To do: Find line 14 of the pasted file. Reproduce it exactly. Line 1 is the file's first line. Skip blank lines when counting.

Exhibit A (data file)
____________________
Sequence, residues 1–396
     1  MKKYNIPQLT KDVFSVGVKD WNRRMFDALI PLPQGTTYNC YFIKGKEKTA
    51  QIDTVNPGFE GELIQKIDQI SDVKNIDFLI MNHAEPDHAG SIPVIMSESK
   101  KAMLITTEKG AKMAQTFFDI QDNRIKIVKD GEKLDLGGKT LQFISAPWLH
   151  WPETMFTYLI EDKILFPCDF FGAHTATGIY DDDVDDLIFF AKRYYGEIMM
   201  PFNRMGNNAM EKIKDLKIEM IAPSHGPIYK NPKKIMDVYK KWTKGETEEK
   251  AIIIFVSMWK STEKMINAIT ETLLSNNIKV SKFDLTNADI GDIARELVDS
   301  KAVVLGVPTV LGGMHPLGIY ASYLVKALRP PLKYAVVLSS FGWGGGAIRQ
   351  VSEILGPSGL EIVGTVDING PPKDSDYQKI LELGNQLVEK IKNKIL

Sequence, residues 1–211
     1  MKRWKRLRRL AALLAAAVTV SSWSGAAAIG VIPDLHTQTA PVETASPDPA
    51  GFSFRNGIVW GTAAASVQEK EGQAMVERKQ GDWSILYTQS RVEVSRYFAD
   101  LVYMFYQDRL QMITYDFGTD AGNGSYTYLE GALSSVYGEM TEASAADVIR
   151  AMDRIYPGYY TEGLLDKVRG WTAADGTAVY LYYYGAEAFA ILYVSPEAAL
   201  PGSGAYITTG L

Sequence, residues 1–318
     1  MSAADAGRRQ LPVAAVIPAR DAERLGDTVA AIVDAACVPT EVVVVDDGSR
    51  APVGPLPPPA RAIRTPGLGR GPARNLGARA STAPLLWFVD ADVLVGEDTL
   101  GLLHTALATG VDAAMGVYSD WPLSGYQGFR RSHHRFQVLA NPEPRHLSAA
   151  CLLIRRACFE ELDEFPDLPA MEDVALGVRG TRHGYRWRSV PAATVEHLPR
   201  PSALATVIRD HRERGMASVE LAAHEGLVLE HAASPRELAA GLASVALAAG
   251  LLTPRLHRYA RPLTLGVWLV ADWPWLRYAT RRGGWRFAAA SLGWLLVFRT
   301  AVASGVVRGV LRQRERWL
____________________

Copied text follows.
   151  AMDRIYPGYY TEGLLDKVRG WTAADGTAVY LYYYGAEAFA ILYVSPEAAL